On the other hand, Mendez sometimes struggles with arm and hand speed when throwing his 72-74 mph curveball; he often doesn't throw the breaker with as much conviction as the fastball and change, leaving it soft and loopy. That's an issue many, if not most, young hurlers deal with, and it should be correctable over time. While inconsistent, his curve has good shape with some depth and gives him projection for a third pitch of at least average quality.
Projection: There's a lot of projection remaining in Mendez's game, making his ceiling difficult to project entering his age-18 season. He shows an advanced feel for pitching, secondaries, and command, but he also has lots of room for growth––particularly on the body and fastball.
At present, only one of Mendez's offerings––the changeup––looks like a certain future plus. His fastball and curveball could come around to more, but they may end up as average pitches. The total profile would appear to give Mendez a potential mid-rotation future, but he just recently turned 18 and has a lot of development remaining. His ultimate ceiling will mostly be determined by how strong his body gets (i.e. the ability to remain healthy and handle a starter's workload), how much velocity he has at maturity, and how much the breaking ball develops.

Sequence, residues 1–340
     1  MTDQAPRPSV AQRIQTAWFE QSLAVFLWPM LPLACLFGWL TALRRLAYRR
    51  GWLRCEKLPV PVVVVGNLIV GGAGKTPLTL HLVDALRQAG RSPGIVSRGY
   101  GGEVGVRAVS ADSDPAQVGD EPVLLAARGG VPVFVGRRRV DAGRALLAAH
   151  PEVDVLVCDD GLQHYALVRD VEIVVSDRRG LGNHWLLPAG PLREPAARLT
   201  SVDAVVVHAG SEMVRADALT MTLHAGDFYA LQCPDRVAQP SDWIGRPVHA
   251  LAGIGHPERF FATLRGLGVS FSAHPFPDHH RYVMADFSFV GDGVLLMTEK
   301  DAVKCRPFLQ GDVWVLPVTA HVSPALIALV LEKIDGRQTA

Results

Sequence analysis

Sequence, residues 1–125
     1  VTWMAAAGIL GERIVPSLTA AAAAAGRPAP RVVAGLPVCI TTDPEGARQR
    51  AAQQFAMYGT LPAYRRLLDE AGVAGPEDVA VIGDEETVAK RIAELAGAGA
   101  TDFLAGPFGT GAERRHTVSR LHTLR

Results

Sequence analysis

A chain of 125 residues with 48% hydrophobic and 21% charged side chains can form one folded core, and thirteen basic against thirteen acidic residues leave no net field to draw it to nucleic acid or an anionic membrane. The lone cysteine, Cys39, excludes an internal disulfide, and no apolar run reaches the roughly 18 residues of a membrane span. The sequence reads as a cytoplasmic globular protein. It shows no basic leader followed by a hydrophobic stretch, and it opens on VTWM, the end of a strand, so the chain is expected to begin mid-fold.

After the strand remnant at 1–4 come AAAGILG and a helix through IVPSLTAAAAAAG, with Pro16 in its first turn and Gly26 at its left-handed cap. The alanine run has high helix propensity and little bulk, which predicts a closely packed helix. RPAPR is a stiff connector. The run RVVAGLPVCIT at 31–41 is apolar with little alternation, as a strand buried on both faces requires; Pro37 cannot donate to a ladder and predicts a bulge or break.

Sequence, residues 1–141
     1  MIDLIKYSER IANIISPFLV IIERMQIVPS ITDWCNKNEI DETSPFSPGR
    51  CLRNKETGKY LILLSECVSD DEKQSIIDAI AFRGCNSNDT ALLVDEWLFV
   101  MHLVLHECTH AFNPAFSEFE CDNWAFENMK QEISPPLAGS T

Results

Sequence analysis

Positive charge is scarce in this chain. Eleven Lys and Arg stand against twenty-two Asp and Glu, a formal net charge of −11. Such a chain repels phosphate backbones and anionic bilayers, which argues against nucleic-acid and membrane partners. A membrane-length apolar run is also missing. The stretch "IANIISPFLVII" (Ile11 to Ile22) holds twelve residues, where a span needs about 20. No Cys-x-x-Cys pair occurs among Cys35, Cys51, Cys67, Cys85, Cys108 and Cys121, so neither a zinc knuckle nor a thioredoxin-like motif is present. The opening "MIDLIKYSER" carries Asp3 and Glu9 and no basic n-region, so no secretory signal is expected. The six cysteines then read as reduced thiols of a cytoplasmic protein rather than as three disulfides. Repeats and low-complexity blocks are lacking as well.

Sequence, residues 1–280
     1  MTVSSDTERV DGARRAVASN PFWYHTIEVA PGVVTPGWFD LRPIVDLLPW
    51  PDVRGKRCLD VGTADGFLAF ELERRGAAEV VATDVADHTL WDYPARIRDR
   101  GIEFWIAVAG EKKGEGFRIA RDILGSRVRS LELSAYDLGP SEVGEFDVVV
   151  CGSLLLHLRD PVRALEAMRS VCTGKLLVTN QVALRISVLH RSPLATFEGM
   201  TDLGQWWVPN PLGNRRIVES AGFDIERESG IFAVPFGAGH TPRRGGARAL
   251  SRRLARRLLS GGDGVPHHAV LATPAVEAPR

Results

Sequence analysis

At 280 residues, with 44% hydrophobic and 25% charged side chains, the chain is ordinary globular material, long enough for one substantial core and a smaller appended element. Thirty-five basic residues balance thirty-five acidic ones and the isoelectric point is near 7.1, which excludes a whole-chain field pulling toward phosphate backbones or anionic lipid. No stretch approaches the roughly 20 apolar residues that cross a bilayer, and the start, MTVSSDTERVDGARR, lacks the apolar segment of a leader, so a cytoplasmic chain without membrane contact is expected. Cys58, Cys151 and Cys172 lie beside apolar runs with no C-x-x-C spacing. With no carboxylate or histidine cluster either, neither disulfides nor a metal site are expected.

2013 Outlook: After debuting in the Dominican Summer League last season, Mendez will make his official state-side debut in 2013. He'll play at one of the two short-season levels––either the rookie Arizona League or the short-A Northwest League. The 18-year-old's destination will be determined by what he shows during spring training and extended spring. While Mendez is expected to work as a starting pitcher, he'll likely have his innings monitored after logging just 45.1 frames last season.
|2012||DSL Rangers (DSL)||2-1||45.1||36||13||35||1.99|